He poses an interesting question about the actual culprit for the dog aggression problem, which is not even a dog! Next, he will explain how important understanding dog cognition is to training strategies. Hare will discuss how, unfortunately, not all cultures love dogs, and some see them as food and pests.
He suggests ways that humans can live with dogs for mutual benefit. Taking all that you've learned into account, Dr. Hare then discusses how Dognition is revolutionizing what we know about dogs and how beneficial it could be to your relationship with your dog as well as for science!
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Final Exam -The final exam covering topics from all modules. Taught by Brian Hare. Tags canine psychology usa.
Browse More Coursera Articles. Browse More Science courses. Making references to studies on apes, human children and a few other species, the course explores some of the cognition capabilities of dog compared to other animals and to us, with an interesting insight on domestication and self domestication.
While most the course content was interesting, however, I found quite annoying the continual shoving of the course author's book and site in the videos, especially since a few lecture and quizzes were dedicated exclusively to them as well. I also found some of lectures as the one about dog aggression fairly superficial, giving me the impression they were added as an afterthought. I'm not unhappy to have taken this course, but it's not one I would recommend in a particular manner either. Was this review helpful to you? The class was interesting and it helped me to understand dogs better.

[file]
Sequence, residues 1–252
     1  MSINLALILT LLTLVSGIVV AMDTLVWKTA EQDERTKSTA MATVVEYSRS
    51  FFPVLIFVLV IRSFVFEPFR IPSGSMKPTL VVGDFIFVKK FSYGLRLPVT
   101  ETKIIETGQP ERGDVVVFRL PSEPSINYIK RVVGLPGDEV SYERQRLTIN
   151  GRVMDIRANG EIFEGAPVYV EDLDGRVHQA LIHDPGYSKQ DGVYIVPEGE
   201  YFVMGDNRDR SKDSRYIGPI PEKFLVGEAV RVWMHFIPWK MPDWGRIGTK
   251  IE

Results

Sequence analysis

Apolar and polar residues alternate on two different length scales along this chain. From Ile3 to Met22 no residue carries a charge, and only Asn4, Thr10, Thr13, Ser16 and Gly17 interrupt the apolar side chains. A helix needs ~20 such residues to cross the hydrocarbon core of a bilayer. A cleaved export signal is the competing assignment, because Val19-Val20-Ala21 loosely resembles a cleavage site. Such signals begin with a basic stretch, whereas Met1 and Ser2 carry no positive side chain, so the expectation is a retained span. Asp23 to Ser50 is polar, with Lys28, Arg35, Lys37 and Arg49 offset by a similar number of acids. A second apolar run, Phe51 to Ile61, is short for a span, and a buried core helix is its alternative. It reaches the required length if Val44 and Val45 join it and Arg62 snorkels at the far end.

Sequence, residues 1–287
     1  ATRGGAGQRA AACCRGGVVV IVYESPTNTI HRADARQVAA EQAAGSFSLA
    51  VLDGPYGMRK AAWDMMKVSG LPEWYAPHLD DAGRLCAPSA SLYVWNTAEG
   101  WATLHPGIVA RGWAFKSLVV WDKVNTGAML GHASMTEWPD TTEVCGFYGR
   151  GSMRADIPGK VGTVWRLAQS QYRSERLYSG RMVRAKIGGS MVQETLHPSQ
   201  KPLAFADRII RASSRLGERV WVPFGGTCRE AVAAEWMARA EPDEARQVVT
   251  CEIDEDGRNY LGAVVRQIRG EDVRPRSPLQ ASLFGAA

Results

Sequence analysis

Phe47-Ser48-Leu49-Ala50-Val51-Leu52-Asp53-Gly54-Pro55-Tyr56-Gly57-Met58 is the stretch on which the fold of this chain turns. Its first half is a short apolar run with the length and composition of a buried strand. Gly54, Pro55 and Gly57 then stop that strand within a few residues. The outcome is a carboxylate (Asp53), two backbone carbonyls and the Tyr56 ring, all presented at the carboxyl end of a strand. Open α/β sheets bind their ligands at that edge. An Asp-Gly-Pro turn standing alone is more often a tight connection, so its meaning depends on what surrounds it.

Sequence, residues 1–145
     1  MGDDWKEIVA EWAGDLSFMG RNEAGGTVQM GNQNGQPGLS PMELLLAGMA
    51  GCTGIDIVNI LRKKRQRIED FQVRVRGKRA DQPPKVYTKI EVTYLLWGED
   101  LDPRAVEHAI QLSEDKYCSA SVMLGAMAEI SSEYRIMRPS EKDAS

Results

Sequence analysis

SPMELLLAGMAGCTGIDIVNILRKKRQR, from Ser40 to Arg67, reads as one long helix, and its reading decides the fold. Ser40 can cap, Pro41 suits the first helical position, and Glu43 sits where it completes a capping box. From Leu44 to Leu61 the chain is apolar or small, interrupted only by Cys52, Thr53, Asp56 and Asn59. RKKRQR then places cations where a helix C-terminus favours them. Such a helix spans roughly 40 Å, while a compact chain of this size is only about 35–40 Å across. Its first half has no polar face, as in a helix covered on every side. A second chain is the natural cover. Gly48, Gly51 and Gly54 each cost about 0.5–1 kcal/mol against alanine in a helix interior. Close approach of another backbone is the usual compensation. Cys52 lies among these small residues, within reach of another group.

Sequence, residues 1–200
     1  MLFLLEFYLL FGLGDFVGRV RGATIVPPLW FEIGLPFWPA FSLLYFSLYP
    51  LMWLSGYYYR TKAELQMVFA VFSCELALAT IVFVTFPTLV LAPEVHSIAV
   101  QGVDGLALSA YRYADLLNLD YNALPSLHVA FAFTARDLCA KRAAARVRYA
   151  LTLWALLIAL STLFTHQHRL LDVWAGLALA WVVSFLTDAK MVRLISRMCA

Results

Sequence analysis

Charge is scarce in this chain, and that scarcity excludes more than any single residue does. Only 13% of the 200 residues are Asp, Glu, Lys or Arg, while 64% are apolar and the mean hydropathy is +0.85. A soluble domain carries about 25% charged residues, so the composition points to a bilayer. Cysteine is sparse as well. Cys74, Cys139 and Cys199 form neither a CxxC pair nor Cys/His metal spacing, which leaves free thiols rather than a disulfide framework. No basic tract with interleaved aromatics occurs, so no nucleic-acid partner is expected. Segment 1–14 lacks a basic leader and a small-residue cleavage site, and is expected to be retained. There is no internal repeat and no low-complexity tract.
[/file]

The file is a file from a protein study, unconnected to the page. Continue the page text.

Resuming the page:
Hare did a good job of explaining everything he taught every week. I felt like I understood everything I was learning in his class. I would recommend this class to anyone who wants to understand dogs better. I really enjoyed this course. I would have given it 5 stars if all the dognition exercises had been open to participants. Thank you. Very glad take a New knowlage. Dog trainer. Make and training dog.